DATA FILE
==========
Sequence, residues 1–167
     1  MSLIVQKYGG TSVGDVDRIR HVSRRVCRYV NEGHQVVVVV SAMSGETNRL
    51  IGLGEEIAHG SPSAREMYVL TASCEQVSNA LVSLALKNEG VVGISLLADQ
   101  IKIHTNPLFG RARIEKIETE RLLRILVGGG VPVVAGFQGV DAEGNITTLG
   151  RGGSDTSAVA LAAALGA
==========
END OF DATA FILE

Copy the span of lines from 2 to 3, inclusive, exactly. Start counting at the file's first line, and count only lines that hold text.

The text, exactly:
     1  MSLIVQKYGG TSVGDVDRIR HVSRRVCRYV NEGHQVVVVV SAMSGETNRL
    51  IGLGEEIAHG SPSAREMYVL TASCEQVSNA LVSLALKNEG VVGISLLADQ